Christ the King

Luke 1:68-79 marks the Benedictus—also known as the song of Zechariah.

Luke 23:42
"Jesus, remember me when you come into your kingdom."  Photo by Casey Horner on Unsplash; licensed under CC0.

November 24, 2019

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Commentary on Luke 1:68-79

Luke 1:68-79 marks the Benedictus—also known as the song of Zechariah.

It is one of three canticles—the other two being Mary’s Magnificat and the Song of Simeon—in the first chapter of Luke. This song pronounces praise for the birth of John the Baptist. John’s birth marks a reversal of fate for Zechariah and Elizabeth after their period of lack, and it announces the beginning of a reversal of fate for humanity, who stands in a period of spiritual lack in need of God’s deliverance.

The Benedictus receives its name because of its beginning with “Blessed be…” (helogetos).

The liturgical format is reminiscent of the barakah formula in the Hebrew Bible which begins with an initial statement of praise (Luke 1:68a) followed by the reason for said praise (1:68b-74) and concluding with a formula for praise (1:75-79). Francois Bovon’s observation that the passive verb “blessed” leaves the subject of the blessing in “theological suspense.”1 Consequently, both the works of God and the audience of God’s work can express praise.

Here, the works of God are not only God’s blessing of Israel and their deliverance from enemies but also the maintenance of the covenant and the birth of John. In this way the author signifies human capacity to be God’s praise in our ability to live in communion with God. Similarly, but with some nuance, we as human beings have the ability to bear witness to God’s work in history. We see God’s ability to step, to be attentive, to deliver, and redeem; and as a result of what we see, we are able to offer praise. In this text, such praise unfolds in three parts in this Lukan text—through God’s visit, God’s deliverance, and God’s might.

In verse 68 the verb (episkeptomai) often translated “looked favorably upon” may also be translated as “to visit.” This verb appears in the Septuagint (LXX) in Genesis 21:1 when God shows up for Sarah and interrupts her prolonged season of bareness. In like manner it is the same verb in Ruth 1:6 when God ends the famine in Bethlehem. God’s visit is something more than simple presence; it is about more than merely seeing. When God visits God’s people, God makes God’s self manifest in their lives. God shows up to interrupt misery and lack with an intention to restore and sustain the people.

And so, the author reminds us that God visited Israel and “redeemed them” (Luke 1:68b). This redemption takes the form of a raising up a “horn of salvation” (commonly translated as “might savior”). The horn in ancient Israel signifies a show of strength. Most often this strength was demonstrated in military might. For example, in Deuteronomy 33:17, the author says of Joseph, “his horns are the horns of a wild ox; with them he gores people.” Here the author signifies God’s chosen as having a superhuman strength that pushes back their opponents. Joseph’s victory is assured because God has endowed him with these horns of strength. In a more militaristic context, in Joshua 6:20 the priests’ blowing of the horn is a sign for the people that there is an impending sign of God’s might. Following this sound, the walls of Jericho fall. The horns are signal of Israel’s strength as they prepare to invade this territory. There is no counter-response significant to subdue them.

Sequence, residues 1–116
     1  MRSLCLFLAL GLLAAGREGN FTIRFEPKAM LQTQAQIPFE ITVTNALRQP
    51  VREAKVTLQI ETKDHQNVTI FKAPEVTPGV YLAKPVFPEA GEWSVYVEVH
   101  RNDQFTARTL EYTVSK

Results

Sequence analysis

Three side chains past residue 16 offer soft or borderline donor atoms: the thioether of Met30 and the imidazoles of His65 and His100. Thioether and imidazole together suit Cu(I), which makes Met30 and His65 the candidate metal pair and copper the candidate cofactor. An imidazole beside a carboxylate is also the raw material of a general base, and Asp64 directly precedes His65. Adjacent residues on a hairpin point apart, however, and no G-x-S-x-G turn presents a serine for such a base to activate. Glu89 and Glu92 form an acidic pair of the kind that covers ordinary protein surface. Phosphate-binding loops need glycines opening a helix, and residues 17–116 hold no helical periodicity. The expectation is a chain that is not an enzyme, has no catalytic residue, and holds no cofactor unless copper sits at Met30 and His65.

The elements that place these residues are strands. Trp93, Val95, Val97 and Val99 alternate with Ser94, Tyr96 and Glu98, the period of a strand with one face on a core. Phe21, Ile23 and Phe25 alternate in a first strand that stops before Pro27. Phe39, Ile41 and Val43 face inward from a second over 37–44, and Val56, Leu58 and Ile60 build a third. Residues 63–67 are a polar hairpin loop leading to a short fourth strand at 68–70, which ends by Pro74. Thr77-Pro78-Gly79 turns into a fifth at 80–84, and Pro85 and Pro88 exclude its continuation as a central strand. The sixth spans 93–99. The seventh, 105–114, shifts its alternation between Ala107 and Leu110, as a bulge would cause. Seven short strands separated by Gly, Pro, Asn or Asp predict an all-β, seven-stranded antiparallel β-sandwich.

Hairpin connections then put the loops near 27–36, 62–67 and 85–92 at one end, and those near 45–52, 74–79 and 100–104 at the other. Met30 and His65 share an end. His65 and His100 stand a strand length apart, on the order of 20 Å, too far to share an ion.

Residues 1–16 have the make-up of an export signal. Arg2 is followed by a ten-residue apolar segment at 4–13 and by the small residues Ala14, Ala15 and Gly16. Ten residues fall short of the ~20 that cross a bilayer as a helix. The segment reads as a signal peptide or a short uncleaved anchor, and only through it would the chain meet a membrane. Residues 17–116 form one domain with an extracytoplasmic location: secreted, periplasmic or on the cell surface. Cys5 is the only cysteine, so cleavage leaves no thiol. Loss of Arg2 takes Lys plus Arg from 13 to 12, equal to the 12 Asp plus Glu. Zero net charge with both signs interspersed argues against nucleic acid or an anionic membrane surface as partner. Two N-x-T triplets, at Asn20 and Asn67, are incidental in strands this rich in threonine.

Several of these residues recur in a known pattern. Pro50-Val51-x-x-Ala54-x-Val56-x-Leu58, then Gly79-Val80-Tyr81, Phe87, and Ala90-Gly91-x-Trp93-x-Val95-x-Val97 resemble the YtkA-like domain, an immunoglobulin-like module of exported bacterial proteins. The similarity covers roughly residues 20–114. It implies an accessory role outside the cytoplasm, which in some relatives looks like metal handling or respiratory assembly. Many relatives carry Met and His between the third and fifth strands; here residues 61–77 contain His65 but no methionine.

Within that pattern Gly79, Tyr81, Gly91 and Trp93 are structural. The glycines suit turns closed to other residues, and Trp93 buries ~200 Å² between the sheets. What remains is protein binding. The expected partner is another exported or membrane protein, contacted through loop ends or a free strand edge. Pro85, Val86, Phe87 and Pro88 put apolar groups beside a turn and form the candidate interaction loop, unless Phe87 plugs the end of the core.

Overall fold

In Luke 1 the horn is placed in the “house of his servant David.” Such an allusion points the reader to 2 Samuel 2; in Hannah’s prayer, she speaks of God’s ability to reverse fortunes and bring about unexpected outcomes for those who live for God. This prayer culminates with 2 Samuel 2:10 with God’s horn (LXX) resounding which is a sign of the king’s strength on earth.

In Luke 1 the horn become a signification of a different manifestations of God’s strength. Here God’s might is a signal of redemption and salvation.

All of this theological reflection in Luke 1:68-79 happens outside of time. Prior to this text and following it there is a narrative chronology. However, in this moment the author breaks time to speak to God’s amazing capacity to operate across and within chronological time. This brief text takes it reader through the exodus, into the monarchy, across the prophetic tradition of ancient Israel and into the hope for a new promise fulfilled first through John the Baptist and then through Jesus. As such, the text reminds us that we live in a cycle of both the declaration and fulfillment of God’s promises in prophetic utterances.


1 Francois Bovon. Hermeneia: Luke 1: A Commentary on the Gospel of Luke 1:1-9:50. Helmut Koester, ed. (Minneapolis, MN: Fortress Press, 2002), 72.